- Carbon Sequestration Tenure Regulation
A Regulatory Framework Assessment took place from 2011 to 2013, in which more than 100 global experts on carbon capture and storage, including representatives from industry, environmental groups, scholars, and government worked on a review of existing regulations. The final report of the findings includes over 70 conclusions and recommendations that continue to inform the ongoing development of the carbon capture and storage regulatory framework in Alberta to ensure the safest and most environmentally responsible regulatory environment for carbon capture and storage.
Carbon Sequestration Tenure
Moving forward, government is preparing to issue carbon sequestration rights through a competitive process, enabling the development of carbon storage hubs. More details are available at the links below.
CCS beyond Alberta
- Carbon Sequestration Leadership Forum
- A partnership of governments focused on developing technologies for CCS through collaborative efforts that address key technical, economic and environmental obstacles.
- CCS Association
An industry-led group that promotes CCUS activities in the UK and elsewhere.
- Global CCS Institute
The institute announced by the Australian Government in 2008 aims to accelerate the worldwide commercial deployment of at-scale CCS.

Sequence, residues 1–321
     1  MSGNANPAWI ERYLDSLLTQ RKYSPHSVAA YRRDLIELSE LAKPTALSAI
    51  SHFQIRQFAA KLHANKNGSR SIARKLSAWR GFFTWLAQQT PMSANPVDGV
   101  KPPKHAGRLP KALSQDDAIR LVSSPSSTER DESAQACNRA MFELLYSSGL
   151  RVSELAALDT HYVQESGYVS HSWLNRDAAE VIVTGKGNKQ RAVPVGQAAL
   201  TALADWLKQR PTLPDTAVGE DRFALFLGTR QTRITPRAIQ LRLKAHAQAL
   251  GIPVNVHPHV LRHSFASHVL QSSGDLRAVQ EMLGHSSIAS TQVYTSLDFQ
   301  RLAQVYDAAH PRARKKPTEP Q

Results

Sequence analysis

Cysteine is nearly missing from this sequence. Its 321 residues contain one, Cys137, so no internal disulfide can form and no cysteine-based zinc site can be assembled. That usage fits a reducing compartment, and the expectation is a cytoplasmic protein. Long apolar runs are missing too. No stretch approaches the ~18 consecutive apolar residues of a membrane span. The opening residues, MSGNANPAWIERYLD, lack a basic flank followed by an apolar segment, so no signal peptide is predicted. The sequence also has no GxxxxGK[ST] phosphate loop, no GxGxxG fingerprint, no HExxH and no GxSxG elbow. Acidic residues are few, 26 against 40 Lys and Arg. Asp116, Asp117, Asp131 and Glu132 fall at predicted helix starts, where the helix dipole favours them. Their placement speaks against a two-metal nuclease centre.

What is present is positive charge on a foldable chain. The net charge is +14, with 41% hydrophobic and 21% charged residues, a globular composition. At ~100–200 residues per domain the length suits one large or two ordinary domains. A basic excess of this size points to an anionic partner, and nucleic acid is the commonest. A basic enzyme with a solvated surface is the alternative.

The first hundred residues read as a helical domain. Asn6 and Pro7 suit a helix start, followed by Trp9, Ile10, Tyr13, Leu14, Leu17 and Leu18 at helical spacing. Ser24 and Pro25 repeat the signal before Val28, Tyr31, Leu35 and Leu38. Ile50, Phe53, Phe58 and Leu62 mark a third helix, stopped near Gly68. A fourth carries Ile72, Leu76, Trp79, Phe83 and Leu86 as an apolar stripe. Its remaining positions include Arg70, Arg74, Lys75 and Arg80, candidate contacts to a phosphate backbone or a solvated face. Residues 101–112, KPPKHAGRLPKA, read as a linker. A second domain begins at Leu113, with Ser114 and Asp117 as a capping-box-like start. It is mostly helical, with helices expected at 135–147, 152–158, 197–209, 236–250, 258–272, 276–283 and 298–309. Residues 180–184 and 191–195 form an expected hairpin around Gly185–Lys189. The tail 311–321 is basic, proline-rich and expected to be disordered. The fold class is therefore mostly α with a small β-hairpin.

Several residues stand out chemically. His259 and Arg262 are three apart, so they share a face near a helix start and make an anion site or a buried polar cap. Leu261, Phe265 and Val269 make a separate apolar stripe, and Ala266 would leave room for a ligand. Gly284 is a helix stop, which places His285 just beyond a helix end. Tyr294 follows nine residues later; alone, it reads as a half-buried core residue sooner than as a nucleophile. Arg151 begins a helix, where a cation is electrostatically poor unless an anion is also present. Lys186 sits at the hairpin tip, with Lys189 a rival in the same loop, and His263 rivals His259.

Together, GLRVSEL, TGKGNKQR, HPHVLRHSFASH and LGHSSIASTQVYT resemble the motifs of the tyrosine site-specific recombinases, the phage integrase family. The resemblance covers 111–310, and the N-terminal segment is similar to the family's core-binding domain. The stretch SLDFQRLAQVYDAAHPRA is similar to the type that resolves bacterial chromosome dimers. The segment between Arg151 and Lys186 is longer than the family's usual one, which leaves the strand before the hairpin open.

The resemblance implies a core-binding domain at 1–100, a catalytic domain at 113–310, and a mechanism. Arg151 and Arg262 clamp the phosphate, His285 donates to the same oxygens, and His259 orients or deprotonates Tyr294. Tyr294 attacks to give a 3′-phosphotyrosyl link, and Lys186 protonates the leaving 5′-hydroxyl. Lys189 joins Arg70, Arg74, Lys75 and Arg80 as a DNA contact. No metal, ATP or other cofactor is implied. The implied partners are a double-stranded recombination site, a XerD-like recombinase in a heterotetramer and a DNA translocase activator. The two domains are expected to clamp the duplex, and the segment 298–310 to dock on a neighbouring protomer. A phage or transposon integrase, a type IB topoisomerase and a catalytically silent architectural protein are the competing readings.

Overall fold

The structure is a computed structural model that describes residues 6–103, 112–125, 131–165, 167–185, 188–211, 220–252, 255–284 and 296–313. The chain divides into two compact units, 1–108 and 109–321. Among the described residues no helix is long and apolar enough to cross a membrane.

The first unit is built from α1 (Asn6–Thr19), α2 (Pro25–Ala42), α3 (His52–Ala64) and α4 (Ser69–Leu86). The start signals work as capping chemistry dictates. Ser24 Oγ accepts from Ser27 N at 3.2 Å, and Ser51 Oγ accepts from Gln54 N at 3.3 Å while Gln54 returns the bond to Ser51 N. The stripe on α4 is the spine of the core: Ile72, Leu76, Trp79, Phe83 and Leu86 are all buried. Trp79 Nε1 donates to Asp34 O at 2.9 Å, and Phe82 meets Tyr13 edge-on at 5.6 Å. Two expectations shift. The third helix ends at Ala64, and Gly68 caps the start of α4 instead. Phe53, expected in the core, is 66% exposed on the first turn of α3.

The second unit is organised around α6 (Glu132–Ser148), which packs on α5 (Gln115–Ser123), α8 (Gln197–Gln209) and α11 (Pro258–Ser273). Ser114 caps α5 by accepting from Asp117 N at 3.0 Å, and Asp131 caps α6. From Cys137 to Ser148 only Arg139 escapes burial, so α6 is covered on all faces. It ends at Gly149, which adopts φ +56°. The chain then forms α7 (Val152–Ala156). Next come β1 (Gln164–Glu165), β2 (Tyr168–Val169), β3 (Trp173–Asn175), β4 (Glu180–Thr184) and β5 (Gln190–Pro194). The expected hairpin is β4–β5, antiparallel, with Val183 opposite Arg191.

- International CCS Knowledge Centre
The International CCS Knowledge Centre, based out of Regina, SK, is focused on large-scale applications of CCS on industrial applications and thermal power plants while optimizing the use of CCS through cost reduction initiatives and technological advancements.
- International Energy Agency (IEA)
The International Energy Agency (IEA) is made up of 30 member countries and 8 association countries and has extensive information regarding CCUS.
- National Energy Technology Laboratory
The U.S. Department of Energy’s National Energy Technology Laboratory (NETL) is driving innovation that will help enable a carbon-free power sector by 2035 and a net-zero carbon emissions economy by 2050. The Carbon Storage Program at NETL is focused on developing and advancing technologies to enable safe, cost-effective, permanent geological storage of CO2.
- Norway - Ministry of Petroleum and Energy - CCS
CCS is a central part of the Norwegian government’s policy on energy and climate change.
- Petroleum Technology Research Centre
The Petroleum Technology Research Centre (PTRC) specializes in CO2 storage, monitoring and verification and is a sister organization to the International CCS Knowledge Centre based out of Regina, SK. The PTRC managed the International Energy Agency Greenhouse Gas (IEAGHG) Weyburn-Midale CO2 Monitoring and Storage Project from 2000-2015, which has stored over 42 million tonnes of CO2 in the 2 oilfields, and the Aquistore project is currently storing CO2 from SaskPower’s Boundary Dam project in the Deadwood Formation.
- Plains CO2 Reduction Partnership
The partnership is a multiyear collaboration of over 80 U.S. and Canadian stakeholders to lay the groundwork for practical and environmentally sound CO2 sequestration projects in the heartland of North America.
- UK Carbon Capture and Storage (CCS) Research Centre
Founded in 2012, the UK CCS Research Centre, with 300+ academic members, collaborates with CCS organizations world-wide on CCS research.
Connect with Carbon Capture and Storage:
Hours: 8:15 am to 4:30 pm (open Monday to Friday, closed statutory holidays)
Email: [email protected]